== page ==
Order, Law and Justice

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Order, Law and Justice
Leader Yane Yanev
Founded 2005
Headquarters Sofia
Ideology Conservatism[1][2][3]
Populism[4][5]
Political position Centre-right[1][6]
Right-wing [7][8]
International affiliation None
European affiliation None
Colours Blue and orange
National Assembly:
0 / 240
European Parliament:
0 / 17
Website
http://www.rzs.bg/
Politics of Bulgaria
Political parties
Elections

Order, Law and Justice (Bulgarian: Ред, законност и справедливост, Red, zakonnost i spravedlivost), abbreviated to RZS, is a conservative political party in Bulgaria. Its main focus is on fighting crime and corruption.[1] It won the minimum ten seats in the National Assembly at the 2009 election, making it the smallest of the six parties in the legislature.[9] Later some of the deputies left the parliamentary group and it broke the minimum of ten, which inevitably made all parliamentary representatives of the party independent deputies.

It is led by Yane Yanev, who has frequently revealed classified documents backing up his claims of corruption.[10] The party is close to the British Conservative Party.[1]

The logo of Order, Law and Justice is a blue and orange checkerboard pattern.

History[edit]

The party was founded by renaming and reforming the National Association - Bulgarian Agrarian People's Union (NS-BZNS), which had been part of the United Democratic Forces, decided on the fourth congress of the NS-BZNS in the end of 2005. Its main goal is fighting corruption.[10] In the 2007 European election, RZS won only 0.5% of the vote. By the time of the 2009 election, this had increased to 4.7%, with RZS claiming that only electoral fraud had prevented it from receiving 10%, which would have given it two seats.[11]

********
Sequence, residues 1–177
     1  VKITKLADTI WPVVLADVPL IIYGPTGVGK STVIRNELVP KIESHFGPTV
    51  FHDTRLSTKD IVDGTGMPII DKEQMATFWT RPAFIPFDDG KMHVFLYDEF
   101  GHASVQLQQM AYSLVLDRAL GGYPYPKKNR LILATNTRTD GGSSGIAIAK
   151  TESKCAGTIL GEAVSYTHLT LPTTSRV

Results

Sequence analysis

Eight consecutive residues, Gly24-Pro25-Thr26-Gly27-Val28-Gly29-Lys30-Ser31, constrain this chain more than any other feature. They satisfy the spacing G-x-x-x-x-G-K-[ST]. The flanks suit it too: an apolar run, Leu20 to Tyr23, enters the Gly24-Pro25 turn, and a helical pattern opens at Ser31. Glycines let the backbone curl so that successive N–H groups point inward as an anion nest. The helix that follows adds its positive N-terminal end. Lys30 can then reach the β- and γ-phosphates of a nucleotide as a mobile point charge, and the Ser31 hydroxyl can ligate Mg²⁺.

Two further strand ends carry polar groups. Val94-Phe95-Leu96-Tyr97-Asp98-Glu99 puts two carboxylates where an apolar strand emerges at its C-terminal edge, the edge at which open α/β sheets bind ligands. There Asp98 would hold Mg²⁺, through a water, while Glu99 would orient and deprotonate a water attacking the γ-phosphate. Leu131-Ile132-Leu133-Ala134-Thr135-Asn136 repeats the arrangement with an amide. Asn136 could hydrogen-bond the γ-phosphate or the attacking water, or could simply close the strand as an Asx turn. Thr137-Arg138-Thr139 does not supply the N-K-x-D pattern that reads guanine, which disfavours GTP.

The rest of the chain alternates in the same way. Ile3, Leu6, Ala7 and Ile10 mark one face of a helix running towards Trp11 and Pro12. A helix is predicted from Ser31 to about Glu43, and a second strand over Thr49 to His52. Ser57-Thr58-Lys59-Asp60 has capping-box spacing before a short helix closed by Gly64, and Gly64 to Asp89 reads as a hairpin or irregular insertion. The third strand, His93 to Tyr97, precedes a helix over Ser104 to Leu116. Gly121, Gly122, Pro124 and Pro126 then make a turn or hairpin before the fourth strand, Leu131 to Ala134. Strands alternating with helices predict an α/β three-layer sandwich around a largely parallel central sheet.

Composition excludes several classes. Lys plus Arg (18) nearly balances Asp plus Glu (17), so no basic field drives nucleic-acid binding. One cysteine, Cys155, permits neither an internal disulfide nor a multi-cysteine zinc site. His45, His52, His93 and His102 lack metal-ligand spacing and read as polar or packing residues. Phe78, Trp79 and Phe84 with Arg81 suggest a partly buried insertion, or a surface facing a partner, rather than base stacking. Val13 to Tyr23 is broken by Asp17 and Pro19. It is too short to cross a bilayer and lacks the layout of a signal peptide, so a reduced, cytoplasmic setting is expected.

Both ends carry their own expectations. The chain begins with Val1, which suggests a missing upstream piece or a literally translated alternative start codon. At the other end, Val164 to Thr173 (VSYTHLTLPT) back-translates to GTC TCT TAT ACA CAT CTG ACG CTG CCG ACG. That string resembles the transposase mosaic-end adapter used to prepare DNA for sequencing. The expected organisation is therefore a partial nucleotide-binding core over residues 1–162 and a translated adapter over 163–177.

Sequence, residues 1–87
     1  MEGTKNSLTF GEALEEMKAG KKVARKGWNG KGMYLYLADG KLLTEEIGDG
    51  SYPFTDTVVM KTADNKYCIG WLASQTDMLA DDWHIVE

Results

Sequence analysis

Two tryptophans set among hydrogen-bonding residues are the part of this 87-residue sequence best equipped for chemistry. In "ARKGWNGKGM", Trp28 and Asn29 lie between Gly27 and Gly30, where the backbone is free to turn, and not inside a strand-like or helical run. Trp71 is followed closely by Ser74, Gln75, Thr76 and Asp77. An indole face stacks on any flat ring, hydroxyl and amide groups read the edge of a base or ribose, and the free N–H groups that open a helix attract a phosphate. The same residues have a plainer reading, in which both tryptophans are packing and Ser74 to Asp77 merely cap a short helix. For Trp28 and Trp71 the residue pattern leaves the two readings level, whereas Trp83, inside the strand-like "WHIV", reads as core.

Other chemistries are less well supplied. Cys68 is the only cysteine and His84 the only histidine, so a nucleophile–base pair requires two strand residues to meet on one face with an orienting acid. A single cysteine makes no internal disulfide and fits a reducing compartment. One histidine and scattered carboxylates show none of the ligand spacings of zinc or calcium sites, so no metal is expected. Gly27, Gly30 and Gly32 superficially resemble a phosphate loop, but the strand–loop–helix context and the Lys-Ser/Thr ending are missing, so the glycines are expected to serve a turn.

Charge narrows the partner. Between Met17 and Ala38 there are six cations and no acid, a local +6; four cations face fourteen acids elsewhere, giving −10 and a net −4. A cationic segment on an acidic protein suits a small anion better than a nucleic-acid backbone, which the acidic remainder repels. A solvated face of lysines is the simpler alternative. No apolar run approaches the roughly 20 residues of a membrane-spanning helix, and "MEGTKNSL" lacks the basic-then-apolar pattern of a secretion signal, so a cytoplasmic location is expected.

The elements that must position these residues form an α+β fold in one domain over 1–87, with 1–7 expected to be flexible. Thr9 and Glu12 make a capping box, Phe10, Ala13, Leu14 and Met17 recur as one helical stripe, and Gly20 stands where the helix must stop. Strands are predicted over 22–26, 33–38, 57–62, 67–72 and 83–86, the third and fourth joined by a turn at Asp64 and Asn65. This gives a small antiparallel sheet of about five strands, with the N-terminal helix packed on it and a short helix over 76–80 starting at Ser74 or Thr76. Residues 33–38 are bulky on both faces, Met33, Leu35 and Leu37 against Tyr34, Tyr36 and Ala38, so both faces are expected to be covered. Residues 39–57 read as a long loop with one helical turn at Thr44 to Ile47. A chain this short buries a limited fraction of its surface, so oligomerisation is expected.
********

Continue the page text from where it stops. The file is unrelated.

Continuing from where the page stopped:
A month later, RZS took part in elections to the National Assembly. Its parliamentary ticket was headed by Atanas Semov, a law professor at the University of Sofia. Its platform called for the formation of a stable center-right coalition that would exclude the Bulgarian Socialist Party, a proactive campaign against political corruption, compulsory education until age 16, greater efforts to fight illiteracy, and the rejection of ethnic nationalism in politics.

The election saw RZS win 4.13% of the vote: just clearing the 4% threshold and entitling it to ten seats. The party supported the new centre-right government under Boyko Borisov, but refused to sign an official declaration of support, after pressure from the European Conservatives and Reformists over the involvement of Attack.[12] One of RZS's MPs, Mario Tagarinski, left the party on 9 December 2009, pushing the party below the minimum of ten MPs required to form an official parliamentary group.[9] Another MP, Dimitar Choukarski, left on 11 March 2010, reducing it further to eight MPs.[6]

The party nominated Atanas Semov for president during the 2011 presidential election. He finished seventh with only 1.84% of the popular vote.

In the 2013 parliamentary election the party won only 1.67% of the popular vote and failed to win a seat.

Footnotes[edit]

  1. ^ a b c d Chary, Frederick B. (2011), The History of Bulgaria, Greenwood, p. xxvi, 173 
  2. ^ "Regional Risk Watch: Central Eastern Europe". Political Risk Insurance Center. 24 August 2009. Retrieved 8 July 2010. 
  3. ^ "Bulgaria". Nations in Transit 2010. Freedom House. 2010. Retrieved 8 July 2010. 
  4. ^ Ilieva, Tsvetelia; Ivanova, Irina (5 July 2009). "Factbox: Main political parties in Bulgaria". Reuters. 
  5. ^ "Parliament worried about Bulgaria TV ban plan". EurActiv. 18 December 2009. Retrieved 8 July 2010. 
  6. ^ a b Kostadinov, Petar (11 March 2010). "Order, Law and Justice party loses one more MP". The Sofia Echo. 
  7. ^ Opposition party wants 11 Cabinet ministers axed over alleged conflict of interests, The Sofia Echo, 14 Jan 2010, retrieved 5 July 2011 
  8. ^ "Ataka" Nationalists Compile List of Most Corrupt Bulgarian Politicians, Novinite.com (Sofia News Agency), 12 Sep 2008, retrieved 5 July 2011 
  9. ^ a b Kostadinov, Petar (9 December 2009). "Order, Law and Justice parliamentary group officially disbanded". Sofia Echo. 
  10. ^ a b "Borisov's turn". The Economist. 9 July 2009. 
  11. ^ "Bulgaria Opposition RZS Suspicious of Vote Manipulation". Sofia News Agency. 8 June 2009. 
  12. ^ "Bulgaria Conservative Party Refuses to Sign GERB Memorandum". Sofia News Agency. 17 July 2009. 

External links[edit]